Chesterton Tribune



Prairie-Duneland Trail officially part of designated US bike route network

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The Praire-Duneland Trail is now officially part of a recognized 58-mile U.S. Bicycle Route between Illinois and Michigan, and that route is now one of three spanning Indiana from border to border over 610 combined miles.

On Friday, the Indiana Department of Transportation, in conjunction with the Adventure Cycling Association, Bicycle Indiana, and the Hoosier Rails to Trails Council, announced the designation of those three U.S. Bicycle Routes (USBRs).

USBRs are formally numbered bicycle routes connecting communities and the nation. “The routes are for experienced long-distance bicycle riders--generally considered ‘touring cyclists’--who are comfortable riding on most types of facilities, including roads without any special treatments for bicyclists,” INDOT said. “This group also includes utilitarian and recreational riders who are confident enough to ride on busy roadways and navigate in traffic.”

“INDOT is proud to partner with the Hoosier Rails to Trails Council, Bicycle Indiana, and the Adventure Cycling Association to turn the idea of a bicycle route network throughout the state and the nation into a reality,” said INDOT Commissioner Brandye Hendrickson. “Indiana is the true crossroads of America, validated not only by our roadways, but now by our bicycle routes as well.”

The American Association of State Highway and Transportation Officials (AASHTO) approved INDOT’s applications for USBR 35, USBR 36 and USBR 50 at its annual meeting last month in Chicago. AASHTO also approved new USBR miles in Arizona, Georgia, Kansas, Ohio, and Vermont, bringing the system o more than 11,000 miles. And Indiana’s total USBR mileage is now seventh in the nation.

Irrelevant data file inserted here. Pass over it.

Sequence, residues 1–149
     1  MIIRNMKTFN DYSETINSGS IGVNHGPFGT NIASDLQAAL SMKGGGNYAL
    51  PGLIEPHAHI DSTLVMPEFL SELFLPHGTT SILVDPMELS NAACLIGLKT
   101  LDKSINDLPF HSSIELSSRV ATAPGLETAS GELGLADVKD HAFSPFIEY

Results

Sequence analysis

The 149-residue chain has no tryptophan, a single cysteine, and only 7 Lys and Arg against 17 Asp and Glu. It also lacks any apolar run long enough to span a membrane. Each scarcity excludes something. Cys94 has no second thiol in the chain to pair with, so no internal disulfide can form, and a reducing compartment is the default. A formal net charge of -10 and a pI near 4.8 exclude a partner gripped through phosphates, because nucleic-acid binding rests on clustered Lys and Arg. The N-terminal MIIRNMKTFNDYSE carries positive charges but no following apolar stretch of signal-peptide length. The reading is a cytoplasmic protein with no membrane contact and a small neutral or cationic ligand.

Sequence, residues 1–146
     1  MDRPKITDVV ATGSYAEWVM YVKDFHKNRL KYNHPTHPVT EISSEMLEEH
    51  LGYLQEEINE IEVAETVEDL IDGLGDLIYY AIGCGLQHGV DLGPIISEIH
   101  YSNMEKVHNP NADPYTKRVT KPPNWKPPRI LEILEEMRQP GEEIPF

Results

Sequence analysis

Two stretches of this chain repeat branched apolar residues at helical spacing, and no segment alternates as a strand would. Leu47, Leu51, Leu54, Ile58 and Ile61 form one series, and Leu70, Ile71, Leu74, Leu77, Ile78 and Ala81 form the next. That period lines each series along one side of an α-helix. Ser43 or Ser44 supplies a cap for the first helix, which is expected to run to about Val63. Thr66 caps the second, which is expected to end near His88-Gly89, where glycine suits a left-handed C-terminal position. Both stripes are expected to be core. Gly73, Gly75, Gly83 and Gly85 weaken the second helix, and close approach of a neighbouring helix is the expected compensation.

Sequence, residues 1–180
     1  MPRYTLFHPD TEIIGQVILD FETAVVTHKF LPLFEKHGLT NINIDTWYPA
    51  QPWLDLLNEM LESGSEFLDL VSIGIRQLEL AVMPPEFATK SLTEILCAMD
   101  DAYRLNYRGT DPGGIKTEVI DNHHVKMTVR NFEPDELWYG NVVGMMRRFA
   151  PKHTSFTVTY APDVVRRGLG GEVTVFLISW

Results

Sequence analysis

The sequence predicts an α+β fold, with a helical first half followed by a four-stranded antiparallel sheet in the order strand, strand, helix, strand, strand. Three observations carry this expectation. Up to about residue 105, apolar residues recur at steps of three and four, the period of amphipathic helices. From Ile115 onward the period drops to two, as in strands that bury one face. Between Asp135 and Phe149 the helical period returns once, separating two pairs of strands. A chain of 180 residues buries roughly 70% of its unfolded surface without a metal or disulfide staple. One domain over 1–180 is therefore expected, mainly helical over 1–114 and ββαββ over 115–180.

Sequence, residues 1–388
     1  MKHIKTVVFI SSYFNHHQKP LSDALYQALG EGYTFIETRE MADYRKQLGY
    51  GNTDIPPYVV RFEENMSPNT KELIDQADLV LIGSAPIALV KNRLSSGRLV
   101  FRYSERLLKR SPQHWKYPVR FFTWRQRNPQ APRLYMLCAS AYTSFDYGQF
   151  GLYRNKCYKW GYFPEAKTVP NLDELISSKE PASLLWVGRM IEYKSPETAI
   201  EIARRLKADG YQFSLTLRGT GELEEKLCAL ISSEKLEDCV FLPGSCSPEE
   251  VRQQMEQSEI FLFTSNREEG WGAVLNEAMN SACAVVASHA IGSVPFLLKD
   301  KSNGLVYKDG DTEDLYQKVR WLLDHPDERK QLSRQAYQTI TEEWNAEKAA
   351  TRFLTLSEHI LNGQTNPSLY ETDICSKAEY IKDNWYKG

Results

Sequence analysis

“The designation of these routes puts Indiana at the crossroads of a budding network of national bicycle touring routes,” said Nancy Tibbett, executive director of Bicycle Indiana. “This is a good thing for Indiana, since studies show that bicycle tourism is growing rapidly, and that bicycle tourists spend more and stay longer than other travelers.”

“Indiana is delighted to be joining 22 other states as part of the U.S. Bicycle Route System,” said Mark Newman, executive director of the Indiana Office of Tourism Development. “We take great pride in our rural roadways and the charm of our natural assets and destinations. Hoosiers look forward to sharing their roads and communities with bicycle tourists as they travel the Indiana portions of these U.S. bike routes.”

Indiana’s three USBRs:

* USBR 36: This 58.7-mile route runs between Illinois and Michigan, with 35 miles of it on off-road trails, including the Prairie-Duneland Trail. After crossing the Illinois state line, it diverts in Hammond from an urban setting to a loop trail around Wolf Lake and connects with the Erie-Lackawannal, Oak-Savannah, and Prairie-Duneland trails, eventually leading riders to Indiana Dunes National Lakeshore. The Dunes Highway, or U.S. 12, then takes cyclists through Michigan City and eventually across the Michigan state line.

* USBR 35: The nearly 381-mile, north-south route crosses Indiana from LaPorte County on the Michigan border to Jeffersonville at the Big Four Bridge over the Ohio River.

* USBR 50: This 160-mile east-west route traverses Indiana from the Illinois border, near Terre Haute, to the Ohio border, near Richmond.


Posted 11/9/2015




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